19 Know this, my beloved brothers: let every person be quick to hear, slow to speak, slow to anger; 20 for the anger of man does not produce the righteousness of God. – James 1:19-20
3. This may be understood as referring to the disputes and differences that Christians, in those times of trial, were running into among themselves: and so this part of the chapter may be considered without any connection with what goes before. Here we may observe that, whenever matters of difference arise among Christians, each side should be willing to hear the other. People are often stiff in their own opinions because they are not willing to hear what others have to offer against them: whereas we should be swift to hear reason and truth on all sides, and be slow to speak any thing that should prevent this: and, when we do speak, there should be nothing of wrath; for a soft answer turneth away wrath. As this epistle is designed to correct a variety of disorders that existed among Christians, these words, swift to hear, slow to speak, slow to wrath, may be very well interpreted according to this last explication.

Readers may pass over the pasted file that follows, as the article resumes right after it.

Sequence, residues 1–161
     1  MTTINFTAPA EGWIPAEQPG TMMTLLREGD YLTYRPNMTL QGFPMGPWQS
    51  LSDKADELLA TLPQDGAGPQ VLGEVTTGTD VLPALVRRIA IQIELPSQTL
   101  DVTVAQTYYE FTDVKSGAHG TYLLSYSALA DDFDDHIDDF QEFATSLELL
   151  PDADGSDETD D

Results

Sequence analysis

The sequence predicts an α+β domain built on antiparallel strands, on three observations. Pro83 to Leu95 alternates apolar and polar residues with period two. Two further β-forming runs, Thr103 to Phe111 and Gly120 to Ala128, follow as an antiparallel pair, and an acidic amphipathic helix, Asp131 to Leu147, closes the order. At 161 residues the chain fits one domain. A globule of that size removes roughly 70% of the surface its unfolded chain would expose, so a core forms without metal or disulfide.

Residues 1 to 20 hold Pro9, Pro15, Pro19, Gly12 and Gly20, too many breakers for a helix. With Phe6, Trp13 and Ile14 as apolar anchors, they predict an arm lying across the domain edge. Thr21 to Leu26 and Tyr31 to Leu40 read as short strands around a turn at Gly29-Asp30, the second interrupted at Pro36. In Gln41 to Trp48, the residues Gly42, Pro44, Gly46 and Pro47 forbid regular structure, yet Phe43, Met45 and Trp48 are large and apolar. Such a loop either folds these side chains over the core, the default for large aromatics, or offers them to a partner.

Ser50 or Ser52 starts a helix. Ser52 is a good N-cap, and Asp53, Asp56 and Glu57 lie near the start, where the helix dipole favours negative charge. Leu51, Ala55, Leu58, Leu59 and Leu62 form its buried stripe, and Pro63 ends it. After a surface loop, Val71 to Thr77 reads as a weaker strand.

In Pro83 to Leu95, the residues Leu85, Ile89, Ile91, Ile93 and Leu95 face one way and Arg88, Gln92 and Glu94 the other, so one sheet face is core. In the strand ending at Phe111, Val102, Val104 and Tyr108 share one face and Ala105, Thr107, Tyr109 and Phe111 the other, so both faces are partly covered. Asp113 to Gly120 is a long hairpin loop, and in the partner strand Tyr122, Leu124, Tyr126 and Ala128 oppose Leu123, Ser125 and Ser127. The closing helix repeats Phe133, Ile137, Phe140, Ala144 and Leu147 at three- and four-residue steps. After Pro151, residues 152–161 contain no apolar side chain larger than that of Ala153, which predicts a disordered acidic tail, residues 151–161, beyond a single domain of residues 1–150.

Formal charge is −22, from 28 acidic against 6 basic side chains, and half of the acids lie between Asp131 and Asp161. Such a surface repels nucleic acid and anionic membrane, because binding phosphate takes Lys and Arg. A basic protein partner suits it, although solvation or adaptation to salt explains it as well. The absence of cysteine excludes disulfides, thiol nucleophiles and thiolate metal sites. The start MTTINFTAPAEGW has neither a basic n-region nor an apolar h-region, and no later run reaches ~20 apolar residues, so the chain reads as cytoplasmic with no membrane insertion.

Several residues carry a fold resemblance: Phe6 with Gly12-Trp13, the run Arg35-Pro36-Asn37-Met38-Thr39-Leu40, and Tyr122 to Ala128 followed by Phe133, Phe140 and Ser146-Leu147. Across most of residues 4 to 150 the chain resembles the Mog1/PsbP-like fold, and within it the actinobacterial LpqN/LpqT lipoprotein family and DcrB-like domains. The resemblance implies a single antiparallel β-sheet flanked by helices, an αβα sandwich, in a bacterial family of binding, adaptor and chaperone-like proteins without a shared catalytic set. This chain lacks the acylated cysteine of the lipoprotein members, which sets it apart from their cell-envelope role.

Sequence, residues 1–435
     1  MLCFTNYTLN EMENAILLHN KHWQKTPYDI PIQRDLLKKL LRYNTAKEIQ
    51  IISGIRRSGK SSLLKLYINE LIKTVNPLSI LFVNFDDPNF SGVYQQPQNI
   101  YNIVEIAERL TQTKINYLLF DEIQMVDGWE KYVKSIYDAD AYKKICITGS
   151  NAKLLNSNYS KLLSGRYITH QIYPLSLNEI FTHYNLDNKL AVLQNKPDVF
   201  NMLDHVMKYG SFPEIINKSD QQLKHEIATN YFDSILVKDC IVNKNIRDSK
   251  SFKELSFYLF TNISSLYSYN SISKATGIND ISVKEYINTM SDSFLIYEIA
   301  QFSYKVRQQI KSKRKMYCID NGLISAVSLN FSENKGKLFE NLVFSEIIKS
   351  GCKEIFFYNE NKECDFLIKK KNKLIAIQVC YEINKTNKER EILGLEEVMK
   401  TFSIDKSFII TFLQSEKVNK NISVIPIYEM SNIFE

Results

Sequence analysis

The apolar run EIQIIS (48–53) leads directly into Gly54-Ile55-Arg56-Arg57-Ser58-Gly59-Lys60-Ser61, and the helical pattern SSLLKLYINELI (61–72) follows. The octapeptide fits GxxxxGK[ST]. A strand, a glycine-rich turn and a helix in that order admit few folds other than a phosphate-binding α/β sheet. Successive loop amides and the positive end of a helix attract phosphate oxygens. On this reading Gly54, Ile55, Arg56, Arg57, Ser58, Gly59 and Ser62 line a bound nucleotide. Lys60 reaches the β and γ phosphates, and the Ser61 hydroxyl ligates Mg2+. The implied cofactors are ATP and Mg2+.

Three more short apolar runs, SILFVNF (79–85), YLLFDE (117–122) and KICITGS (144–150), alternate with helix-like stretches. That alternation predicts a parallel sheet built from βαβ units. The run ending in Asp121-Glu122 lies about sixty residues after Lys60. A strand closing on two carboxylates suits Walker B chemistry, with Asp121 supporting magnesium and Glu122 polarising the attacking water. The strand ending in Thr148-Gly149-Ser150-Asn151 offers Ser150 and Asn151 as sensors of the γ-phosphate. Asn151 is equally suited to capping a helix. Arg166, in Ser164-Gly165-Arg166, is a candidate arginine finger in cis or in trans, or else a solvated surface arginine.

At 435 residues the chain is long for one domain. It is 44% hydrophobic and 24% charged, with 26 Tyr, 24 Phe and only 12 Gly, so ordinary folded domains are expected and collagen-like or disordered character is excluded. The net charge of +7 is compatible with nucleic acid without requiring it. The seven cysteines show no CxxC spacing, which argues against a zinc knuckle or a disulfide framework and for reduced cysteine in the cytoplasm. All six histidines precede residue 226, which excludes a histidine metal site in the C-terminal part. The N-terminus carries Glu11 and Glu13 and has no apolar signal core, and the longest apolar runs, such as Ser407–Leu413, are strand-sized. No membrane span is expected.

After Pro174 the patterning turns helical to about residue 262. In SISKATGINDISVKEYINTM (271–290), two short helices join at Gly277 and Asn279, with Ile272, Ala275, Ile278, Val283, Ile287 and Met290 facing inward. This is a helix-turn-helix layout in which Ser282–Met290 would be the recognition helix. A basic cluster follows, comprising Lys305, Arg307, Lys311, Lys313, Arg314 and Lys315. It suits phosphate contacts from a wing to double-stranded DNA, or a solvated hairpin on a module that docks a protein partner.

Matthew Henry’s Commentary on the Whole Bible: Complete and Unabridged in One Volume (Peabody: Hendrickson, 1994), 2410.